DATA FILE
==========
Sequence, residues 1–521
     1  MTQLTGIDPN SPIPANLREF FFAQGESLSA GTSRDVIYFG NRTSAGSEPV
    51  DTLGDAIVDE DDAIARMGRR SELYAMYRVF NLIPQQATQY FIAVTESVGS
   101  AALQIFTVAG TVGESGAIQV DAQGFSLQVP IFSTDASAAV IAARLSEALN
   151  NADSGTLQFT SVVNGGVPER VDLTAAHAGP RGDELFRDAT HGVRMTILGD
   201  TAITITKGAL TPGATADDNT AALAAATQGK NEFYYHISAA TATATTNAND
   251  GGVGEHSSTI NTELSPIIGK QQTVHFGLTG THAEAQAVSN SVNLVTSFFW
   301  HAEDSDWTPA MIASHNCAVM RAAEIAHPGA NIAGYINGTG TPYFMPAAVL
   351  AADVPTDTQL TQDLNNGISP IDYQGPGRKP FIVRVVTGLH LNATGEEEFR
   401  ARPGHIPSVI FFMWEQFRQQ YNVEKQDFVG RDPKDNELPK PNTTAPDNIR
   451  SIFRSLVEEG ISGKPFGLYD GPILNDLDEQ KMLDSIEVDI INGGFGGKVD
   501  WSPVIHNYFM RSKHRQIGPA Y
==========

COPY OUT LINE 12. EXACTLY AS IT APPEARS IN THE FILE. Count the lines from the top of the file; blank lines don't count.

   501  WSPVIHNYFM RSKHRQIGPA Y